Sadly, the many alder trees around the lake are under attack by a ferocious non-native pest.  The caterpillars of the alder flea beetle (a relative of the Colorado beetle that can decimate potato crops) are so numerous that many of the leaves have been stripped back to their skeletal veins.  They may look pretty but it must be damaging to the trees.

Alder Flea Beetle larvae

This triffid like plant caught our attention - it is in fact a member of the umbelliferae family, a large group of plants which includes carrot, cow parsley and hogweed amongst many others.  I think this may be angelica but I am not at all sure though so perhaps some-one more knowledgeable can correct me if needs be. 

An emerging umbelliferae

Nearly home!

If walking is not your thing Le Lac de la Dathée is also good for bird watching, fishing (you will need a licence), cycling, sailing and rowing (there is a boating school) or simply enjoying the scenery with a picnic.   It is about 40 minutes from Eco-Gites of Lenault and well worth a visit.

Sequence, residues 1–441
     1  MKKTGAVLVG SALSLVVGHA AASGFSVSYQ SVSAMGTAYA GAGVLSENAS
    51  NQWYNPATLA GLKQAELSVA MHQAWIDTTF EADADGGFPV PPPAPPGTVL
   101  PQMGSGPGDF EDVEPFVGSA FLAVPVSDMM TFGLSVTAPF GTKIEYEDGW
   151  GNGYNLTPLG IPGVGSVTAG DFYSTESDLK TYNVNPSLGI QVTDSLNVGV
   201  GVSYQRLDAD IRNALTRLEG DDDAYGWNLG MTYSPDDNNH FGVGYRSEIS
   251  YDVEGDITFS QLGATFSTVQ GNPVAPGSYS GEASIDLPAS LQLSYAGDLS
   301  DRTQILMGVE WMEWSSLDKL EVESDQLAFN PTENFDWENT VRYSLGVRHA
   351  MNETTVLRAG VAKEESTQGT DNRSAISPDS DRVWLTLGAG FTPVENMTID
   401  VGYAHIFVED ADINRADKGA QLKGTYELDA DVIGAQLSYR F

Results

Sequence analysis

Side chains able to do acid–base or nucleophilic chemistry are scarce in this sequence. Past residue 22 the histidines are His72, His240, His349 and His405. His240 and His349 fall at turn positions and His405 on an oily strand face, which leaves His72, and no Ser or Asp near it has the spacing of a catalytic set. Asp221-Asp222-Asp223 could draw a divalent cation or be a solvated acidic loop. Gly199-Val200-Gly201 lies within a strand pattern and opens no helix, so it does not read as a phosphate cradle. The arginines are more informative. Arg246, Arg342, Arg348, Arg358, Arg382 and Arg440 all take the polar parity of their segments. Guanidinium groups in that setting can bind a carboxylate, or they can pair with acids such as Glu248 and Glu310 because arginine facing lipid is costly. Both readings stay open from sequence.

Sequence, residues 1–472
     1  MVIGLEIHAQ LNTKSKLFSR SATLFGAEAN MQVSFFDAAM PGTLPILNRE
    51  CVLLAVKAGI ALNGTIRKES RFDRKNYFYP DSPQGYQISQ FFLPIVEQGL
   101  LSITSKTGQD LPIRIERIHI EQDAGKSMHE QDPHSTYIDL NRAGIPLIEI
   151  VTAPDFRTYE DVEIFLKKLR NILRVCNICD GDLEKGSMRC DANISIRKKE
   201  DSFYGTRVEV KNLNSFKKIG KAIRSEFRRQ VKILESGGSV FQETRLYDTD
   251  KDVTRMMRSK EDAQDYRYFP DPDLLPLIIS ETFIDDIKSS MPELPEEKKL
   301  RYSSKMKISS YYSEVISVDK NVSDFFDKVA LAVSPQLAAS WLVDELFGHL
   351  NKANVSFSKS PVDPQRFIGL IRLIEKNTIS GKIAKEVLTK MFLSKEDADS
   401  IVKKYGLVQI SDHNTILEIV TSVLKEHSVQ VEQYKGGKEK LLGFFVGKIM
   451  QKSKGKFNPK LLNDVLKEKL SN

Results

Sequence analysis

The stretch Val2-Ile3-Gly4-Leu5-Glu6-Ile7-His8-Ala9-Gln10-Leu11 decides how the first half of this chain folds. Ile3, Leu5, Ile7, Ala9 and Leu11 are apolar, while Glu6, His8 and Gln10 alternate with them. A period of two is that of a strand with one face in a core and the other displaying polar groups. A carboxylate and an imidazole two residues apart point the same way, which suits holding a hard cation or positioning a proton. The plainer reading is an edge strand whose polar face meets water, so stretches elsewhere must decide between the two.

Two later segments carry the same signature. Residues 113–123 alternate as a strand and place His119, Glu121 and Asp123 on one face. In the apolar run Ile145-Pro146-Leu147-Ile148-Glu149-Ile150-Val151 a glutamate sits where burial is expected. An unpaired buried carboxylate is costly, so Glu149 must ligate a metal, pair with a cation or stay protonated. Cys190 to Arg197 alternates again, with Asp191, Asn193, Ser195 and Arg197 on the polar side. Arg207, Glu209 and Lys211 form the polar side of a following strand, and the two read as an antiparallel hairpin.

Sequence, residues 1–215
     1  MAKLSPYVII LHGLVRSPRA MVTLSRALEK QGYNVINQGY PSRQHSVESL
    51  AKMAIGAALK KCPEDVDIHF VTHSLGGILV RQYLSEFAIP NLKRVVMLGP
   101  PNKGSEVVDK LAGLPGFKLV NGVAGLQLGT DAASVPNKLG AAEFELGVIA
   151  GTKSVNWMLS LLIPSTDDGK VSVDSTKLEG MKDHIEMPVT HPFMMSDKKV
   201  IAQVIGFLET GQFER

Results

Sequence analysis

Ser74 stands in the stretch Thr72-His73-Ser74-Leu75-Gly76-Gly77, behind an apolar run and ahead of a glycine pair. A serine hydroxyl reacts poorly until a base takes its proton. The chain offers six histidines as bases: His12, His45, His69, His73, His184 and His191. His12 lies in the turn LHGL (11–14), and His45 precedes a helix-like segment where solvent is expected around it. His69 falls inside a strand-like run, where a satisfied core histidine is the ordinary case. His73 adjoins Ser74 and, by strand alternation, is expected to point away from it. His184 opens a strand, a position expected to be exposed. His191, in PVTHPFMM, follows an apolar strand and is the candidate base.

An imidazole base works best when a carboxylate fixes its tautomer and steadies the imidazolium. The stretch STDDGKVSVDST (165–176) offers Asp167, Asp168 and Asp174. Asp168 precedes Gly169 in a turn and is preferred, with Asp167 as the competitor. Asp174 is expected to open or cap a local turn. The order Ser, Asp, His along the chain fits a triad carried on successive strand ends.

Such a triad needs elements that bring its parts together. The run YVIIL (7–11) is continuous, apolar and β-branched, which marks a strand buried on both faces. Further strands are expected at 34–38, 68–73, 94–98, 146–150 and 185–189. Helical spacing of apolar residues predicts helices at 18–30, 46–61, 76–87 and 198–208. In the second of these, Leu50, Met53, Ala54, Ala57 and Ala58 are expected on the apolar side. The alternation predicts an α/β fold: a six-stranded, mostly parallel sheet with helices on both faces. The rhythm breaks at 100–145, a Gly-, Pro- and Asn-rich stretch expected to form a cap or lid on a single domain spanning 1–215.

Have you got a favourite lakeside watery walk you like to do?

Tuesday, 22 July 2014

Animal Leaf Pictures

Posted by Rosie

In the fifth of our series of nature games and activities for children today we have:

Animal Leaf Pictures

This activity involves going for a walk to collect a variety of leaves of different shapes and colours before returning home to create an animal picture with them.

Leaf Mouse

To make Animal Leaf Pictures you will need:

  • A selection of leaves of different shapes, sizes and colours
  • Glue (PVA is best)
  • Paintbrush
  • Paper or cardboard
  • Laminating sheets (optional)